×
Newsmax TV & Webwww.newsmax.comFREE - In Google Play
VIEW
×
Newsmax TV & Webwww.newsmax.comFREE - On the App Store
VIEW
Tags: Coronavirus | jobless | claims | economy | virus | cares | money

CARES Acts Show Little Care in Spending That Money Wisely

CARES Acts Show Little Care in Spending That Money Wisely

 Designer491 | Dreamstime.com

Joel L. Naroff By Thursday, 23 April 2020 01:39 PM Current | Bio | Archive

INDICATOR: Weekly Jobless Claims, March New Home Sales and CARES Act Commentary

KEY DATA: Claims: 4.4 million; 5-week Total: 26.5 Million/ Home Sales: -15.4%; Over-Year: -9.5%; Prices (Over-Year): +3.5%

IN A NUTSHELL: “The job gains since the Great Depression have been wiped out and the end to the surge in unemployment claims is still weeks away.”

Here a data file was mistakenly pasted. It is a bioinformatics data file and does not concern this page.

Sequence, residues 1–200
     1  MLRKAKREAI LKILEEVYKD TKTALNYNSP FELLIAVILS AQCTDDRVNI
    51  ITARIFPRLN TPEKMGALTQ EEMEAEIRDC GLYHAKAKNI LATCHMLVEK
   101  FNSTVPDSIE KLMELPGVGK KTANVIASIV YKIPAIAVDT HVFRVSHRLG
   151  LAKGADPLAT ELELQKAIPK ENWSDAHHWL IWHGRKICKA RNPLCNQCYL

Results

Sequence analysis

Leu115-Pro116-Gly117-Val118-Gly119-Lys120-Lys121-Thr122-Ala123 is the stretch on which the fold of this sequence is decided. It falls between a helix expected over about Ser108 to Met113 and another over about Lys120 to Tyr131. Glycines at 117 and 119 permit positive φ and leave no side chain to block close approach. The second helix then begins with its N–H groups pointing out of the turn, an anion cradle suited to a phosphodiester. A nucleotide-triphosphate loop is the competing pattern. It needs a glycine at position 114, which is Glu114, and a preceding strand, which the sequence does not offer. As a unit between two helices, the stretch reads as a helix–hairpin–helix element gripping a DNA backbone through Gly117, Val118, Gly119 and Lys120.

WHAT IT MEANS: There was good news and bad news in today’s unemployment claims report. Okay, the good news was not really good, but let’s go with it anyway. Once again, unemployment claims were extraordinarily high last week, which surprised nobody. But this was the third consecutive moderation in the level. Claims peaked at nearly 6.9 million and this week’s 4.4 million constitutes a 36% drop from the top. Okay, 4.4 million is so unimaginable that you really cannot call it good, but at least the trend is down. That said, don’t expect the numbers to get back to more normal, whatever that may be, for a while. We are starting to see white collar and government workers being laid off or furloughed and that will keep claims levels elevated. The April unemployment rate, which will be released on May 8th, could approach 20%, as the numbers we have seen include the survey week. Also, not everyone who has become unemployed has filed for unemployment insurance, so these data are the lower bounds of the number who have lost jobs. Indeed, we could have the worst of all worlds when it comes to the unemployment rate. Not only is the numerator, the number unemployed, rising but we could see another drop in the denominator, the labor force. There was a sharp decline in the labor force and participation rate in March and that might be repeated.